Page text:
By contrast, in the human ear, the cochlea is responsible for most of our perception and processing of sounds. Nevertheless, our ears contain otolith organs as well: a saccule, oriented in the vertical plane, and a utricle, oriented in the horizontal plane. The conventional view of the otolith organs in humans has long been that they simply serve the vestibular system-but could humans have retained an otolithic sense of hearing that augments our cochleabased auditory system? Certainly the existence of other parallel, more primitive sensory pathways has been documented before, as with the vomeronasal system, which makes use of pheromones and serves as a sort of auxiliary system to our conscious sense of smell. To explore this possibility, we must first examine the origins of acoustic sensing in the simplest life forms.
Starting Out with a Sense of Gravity
It is no accident that the two senses, hearing and balance, share an evolutionary history and that they are anatomically and physiologically related; this close relationship follows naturally from the laws of physics governing the detection of sound and motion. The world of invertebrates, and indeed of plants, offers many examples of such links.
Hearing and balance both arise from a fundamental requirement for life, which is knowing up from down. Even the earliest forms of life on Earth required this information both to navigate in their external environment and to control their internal environment in spite of changes in orientation. One simple way to do this would be by means of a light sensor and a single rule, that the direction of light is always “up.” Such a visual mechanism works well when there is plenty of direct and reflected light, but it has its limitations: at night, for instance, or in an environment such as the deep ocean, where the light cannot penetrate.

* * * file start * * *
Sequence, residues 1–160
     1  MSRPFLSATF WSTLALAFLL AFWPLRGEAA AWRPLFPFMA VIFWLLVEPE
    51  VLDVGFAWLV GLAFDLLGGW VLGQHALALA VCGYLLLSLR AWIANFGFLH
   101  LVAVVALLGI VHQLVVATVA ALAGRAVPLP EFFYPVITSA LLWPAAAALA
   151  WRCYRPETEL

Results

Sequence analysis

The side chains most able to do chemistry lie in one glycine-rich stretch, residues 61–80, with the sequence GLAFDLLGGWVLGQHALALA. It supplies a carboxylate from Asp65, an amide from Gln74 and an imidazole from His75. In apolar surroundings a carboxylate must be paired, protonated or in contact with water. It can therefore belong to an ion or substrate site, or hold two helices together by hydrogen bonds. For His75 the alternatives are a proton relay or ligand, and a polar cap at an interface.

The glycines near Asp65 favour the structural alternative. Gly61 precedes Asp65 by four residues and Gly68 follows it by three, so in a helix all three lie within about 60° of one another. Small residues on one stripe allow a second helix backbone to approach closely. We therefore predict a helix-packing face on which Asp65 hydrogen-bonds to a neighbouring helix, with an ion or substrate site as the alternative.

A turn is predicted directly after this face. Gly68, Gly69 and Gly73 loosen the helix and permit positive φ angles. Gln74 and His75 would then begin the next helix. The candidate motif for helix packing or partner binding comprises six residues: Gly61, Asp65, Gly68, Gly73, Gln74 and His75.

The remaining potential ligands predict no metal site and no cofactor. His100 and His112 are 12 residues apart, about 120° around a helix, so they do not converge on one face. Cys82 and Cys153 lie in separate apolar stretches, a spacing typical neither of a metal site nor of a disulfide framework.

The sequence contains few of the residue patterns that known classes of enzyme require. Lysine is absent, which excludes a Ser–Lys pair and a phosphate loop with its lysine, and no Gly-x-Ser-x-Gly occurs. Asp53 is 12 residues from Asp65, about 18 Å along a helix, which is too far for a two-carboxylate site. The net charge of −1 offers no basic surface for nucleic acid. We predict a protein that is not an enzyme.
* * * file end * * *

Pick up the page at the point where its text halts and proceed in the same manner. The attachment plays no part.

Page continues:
A more versatile solution, both for gaining knowledge of space and for distinguishing self-motion from object motion, is to make use of gravity, for which purpose the life form requires a sensor for detecting gravity. The simplest way to construct such a graviceptor is to make use of a difference in density between small, dense stones–the statoliths, which correspond to the otoliths in vertebrates–and a surrounding substance of lower density. The life form can then work out the direction of gravity, because no matter what its position, the little stones will always fall to the lowest point. Such a system has evolved independently many times, in both animals and plants. All major metazoan phyla have a statolithic sense mechanism-indeed, this observation has been used to argue that “up” versus “down” was the first sense to appear in the animal kingdom.
Many species of plants possess statocytes (cells containing one or more statoliths) in their growth tips that allow them to direct roots downward into the earth. A multicellular, gravitysensing organ that contains a statolith is referred to as a statocyst, and many examples of such an organ are found among invertebrates-for example, within the marine animals known as echinoderms, which have a remarkable ability to right themselves when turned upside down.